Of course playing the sequel before playing the original may have biased me a little toward preferring this game, but who gives a shit?  It may be a bit premature to say this, but Golden Axe II has got to be my choice for the best game in the series.

Golden Axe III

So what does that say about the third game in the series?  Well, before I go into that, let me tell you a little about the history of Golden Axe III.  First off, this game had a very limited presence Stateside.  You couldn't buy the game in America.  The only way an American gamer could play Golden Axe III, short of moving to Japan, was on the Sega Channel, which was a premium cable service that allowed you to download and play from a changing selection of 50 games transferred from your cable connection to the Genesis.  It was, of course, ahead of its time, which is why most parents didn't grasp the idea and refused to see the point in paying for such a service - stupid-ass parents.  Anyway, most of us would not get a chance to play it until Sega put it in Genesis compilations, such as the Sega Genesis Collection for PS2 and, obviously, Sonic's Ultimate Genesis Collection.  These collections were the first time most American gamers got to play the third Golden Axe game.  The question is was it worth waiting all this time to play it?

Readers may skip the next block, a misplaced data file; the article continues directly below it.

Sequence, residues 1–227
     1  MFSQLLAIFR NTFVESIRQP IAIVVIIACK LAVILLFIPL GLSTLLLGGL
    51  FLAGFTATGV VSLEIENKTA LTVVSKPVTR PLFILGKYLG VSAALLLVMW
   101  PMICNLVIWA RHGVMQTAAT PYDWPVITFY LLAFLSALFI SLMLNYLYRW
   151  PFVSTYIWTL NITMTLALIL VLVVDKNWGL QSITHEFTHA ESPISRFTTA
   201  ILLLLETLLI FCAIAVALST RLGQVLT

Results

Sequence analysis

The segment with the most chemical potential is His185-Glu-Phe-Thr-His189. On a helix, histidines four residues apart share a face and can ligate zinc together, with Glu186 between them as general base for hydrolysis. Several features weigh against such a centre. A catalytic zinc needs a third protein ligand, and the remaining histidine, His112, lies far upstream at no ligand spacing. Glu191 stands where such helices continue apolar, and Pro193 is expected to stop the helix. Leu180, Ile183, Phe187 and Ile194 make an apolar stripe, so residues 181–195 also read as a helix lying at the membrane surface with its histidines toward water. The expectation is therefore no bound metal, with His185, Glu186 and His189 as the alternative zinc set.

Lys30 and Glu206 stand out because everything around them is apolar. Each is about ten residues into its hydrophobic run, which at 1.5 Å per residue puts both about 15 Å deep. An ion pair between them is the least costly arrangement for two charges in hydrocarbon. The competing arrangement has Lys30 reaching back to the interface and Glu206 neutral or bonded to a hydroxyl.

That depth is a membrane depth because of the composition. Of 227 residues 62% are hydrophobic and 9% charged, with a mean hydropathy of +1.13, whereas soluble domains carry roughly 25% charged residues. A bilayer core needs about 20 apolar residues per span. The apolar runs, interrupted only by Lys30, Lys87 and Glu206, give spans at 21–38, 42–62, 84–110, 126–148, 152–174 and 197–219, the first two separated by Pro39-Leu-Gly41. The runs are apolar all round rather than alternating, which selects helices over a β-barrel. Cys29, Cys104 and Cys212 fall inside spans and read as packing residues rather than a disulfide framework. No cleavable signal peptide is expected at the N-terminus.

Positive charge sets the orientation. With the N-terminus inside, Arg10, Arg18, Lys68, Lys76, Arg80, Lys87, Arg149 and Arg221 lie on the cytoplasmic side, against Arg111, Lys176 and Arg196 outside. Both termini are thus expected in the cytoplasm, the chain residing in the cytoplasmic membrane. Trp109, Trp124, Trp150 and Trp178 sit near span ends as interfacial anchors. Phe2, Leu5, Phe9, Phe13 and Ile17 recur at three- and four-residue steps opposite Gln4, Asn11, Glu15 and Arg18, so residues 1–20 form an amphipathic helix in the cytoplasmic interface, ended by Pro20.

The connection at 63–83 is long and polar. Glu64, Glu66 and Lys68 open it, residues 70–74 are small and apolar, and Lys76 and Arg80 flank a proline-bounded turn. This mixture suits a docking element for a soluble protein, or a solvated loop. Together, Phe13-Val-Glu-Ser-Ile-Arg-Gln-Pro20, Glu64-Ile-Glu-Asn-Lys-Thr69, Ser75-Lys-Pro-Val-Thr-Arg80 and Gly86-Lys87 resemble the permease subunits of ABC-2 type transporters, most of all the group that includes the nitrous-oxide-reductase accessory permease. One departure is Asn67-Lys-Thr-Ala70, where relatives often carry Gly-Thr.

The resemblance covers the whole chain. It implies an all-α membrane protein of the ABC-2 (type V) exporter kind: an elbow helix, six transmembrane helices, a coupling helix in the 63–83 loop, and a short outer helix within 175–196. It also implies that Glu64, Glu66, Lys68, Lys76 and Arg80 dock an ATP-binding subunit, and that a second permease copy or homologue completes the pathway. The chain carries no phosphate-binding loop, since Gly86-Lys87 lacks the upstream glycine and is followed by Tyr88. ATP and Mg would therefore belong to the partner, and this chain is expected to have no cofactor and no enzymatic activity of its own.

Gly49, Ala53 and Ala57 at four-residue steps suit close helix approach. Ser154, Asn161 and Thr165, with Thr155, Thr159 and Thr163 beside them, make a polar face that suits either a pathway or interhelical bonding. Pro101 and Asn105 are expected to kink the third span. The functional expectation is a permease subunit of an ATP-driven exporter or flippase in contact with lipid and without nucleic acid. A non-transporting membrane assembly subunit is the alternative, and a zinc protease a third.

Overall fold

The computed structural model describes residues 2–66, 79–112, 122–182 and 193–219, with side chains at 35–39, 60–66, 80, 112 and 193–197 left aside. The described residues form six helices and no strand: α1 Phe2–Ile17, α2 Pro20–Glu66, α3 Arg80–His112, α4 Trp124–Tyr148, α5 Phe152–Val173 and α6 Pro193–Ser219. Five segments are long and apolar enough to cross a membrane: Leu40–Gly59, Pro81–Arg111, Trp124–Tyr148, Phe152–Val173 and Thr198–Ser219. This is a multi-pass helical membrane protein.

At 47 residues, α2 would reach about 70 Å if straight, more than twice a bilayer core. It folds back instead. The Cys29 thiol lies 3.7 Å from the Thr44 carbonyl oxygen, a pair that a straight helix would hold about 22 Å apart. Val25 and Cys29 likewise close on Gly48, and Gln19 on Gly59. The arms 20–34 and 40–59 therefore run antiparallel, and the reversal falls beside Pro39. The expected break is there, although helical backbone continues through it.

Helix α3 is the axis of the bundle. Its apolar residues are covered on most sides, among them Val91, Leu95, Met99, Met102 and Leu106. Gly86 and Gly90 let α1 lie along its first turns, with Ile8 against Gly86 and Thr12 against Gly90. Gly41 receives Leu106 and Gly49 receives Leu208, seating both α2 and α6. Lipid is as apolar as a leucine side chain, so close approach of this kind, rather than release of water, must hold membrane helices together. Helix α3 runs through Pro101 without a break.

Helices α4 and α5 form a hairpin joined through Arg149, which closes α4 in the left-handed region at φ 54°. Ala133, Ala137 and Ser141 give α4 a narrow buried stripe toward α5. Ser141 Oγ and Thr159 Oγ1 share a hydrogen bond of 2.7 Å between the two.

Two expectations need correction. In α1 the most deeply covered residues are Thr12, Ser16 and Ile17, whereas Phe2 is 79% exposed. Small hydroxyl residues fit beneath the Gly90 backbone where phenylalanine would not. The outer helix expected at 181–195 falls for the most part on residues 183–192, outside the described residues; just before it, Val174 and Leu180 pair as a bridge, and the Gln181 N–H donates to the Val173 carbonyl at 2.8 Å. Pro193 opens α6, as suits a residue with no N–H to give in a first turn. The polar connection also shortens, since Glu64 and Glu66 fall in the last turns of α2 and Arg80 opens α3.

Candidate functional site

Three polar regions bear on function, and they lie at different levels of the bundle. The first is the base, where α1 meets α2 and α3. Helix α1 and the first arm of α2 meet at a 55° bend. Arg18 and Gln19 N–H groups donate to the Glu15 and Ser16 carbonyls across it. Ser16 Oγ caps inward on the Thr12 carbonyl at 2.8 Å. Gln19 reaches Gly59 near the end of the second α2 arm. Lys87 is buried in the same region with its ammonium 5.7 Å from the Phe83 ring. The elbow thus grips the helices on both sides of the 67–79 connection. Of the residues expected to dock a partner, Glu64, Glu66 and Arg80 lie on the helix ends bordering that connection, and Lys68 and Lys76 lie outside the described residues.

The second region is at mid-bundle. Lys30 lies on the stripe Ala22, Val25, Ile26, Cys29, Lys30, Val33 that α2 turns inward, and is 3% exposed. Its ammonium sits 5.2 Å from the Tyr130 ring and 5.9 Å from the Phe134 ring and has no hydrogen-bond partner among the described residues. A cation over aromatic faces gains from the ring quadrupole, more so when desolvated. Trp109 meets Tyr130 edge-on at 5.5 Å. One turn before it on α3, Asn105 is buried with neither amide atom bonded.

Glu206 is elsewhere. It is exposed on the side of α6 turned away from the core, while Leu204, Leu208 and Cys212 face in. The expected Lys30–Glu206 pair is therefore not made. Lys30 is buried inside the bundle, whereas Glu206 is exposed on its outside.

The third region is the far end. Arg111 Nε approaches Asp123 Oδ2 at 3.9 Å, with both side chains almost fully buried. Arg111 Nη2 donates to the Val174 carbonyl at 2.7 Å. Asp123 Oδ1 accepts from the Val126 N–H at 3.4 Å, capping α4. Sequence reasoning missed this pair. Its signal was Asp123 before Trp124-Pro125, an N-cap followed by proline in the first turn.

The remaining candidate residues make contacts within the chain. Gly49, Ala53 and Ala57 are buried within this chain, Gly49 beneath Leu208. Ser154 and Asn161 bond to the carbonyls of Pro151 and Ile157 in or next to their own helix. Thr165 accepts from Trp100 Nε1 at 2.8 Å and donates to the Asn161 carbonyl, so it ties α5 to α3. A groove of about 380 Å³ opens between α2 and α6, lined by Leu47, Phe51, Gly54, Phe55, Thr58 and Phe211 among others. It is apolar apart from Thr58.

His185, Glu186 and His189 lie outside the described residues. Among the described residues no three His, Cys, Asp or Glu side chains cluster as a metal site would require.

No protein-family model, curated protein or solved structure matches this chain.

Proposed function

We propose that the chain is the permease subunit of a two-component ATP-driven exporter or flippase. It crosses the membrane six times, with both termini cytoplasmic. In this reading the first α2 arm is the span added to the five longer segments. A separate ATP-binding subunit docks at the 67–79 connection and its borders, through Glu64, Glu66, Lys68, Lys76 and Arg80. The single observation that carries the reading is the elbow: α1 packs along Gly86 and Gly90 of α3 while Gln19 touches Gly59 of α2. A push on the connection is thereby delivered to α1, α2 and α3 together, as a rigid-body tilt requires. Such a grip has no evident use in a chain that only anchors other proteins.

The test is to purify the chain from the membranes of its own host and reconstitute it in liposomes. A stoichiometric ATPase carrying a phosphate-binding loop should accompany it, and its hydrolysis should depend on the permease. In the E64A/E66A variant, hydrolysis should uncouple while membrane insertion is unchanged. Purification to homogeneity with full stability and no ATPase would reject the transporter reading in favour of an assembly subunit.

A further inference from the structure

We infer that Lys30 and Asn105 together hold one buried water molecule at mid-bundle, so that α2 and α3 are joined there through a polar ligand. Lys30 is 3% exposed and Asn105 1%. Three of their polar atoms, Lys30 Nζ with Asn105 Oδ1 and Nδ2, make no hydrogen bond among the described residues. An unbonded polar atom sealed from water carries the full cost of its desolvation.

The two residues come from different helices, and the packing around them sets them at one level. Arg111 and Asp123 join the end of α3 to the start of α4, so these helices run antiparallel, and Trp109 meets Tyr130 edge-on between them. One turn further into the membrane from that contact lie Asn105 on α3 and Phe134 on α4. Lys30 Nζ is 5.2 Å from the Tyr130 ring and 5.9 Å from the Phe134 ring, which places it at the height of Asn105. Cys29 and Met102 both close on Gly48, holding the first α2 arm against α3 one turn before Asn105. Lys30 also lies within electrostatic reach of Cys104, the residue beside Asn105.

Well... Golden Axe III isn't bad, but it isn't as great as Golden Axe II.  This time, there are four new characters to play from: Kain, the sword-wielding barbarian, Sarah (what kind of name is that for an amazon?), who wields a very short scimitar and wears the requisite "amazon bikini," Proud, who looks like an escaped neanderthal slave and can kill some enemies in two or three hits, and Chronos, a panther-man who some claim is the most powerful character.  To be honest, I prefer Kain with his excellent attack reach or Proud with his immense power.  Gilius Thunderhead appears in the game, but only to tell the player of their quest at the beginning of the game.  (Addendum: I found out that in each American release of this game, both on the Sega Channel and the recent Sega Genesis collections, they refer to Kain and Sarah as the original Ax Battler and Tyris Flare, insisting that they are not new characters.  I guess they were kind of embarrassed about having an amazon named Sarah.)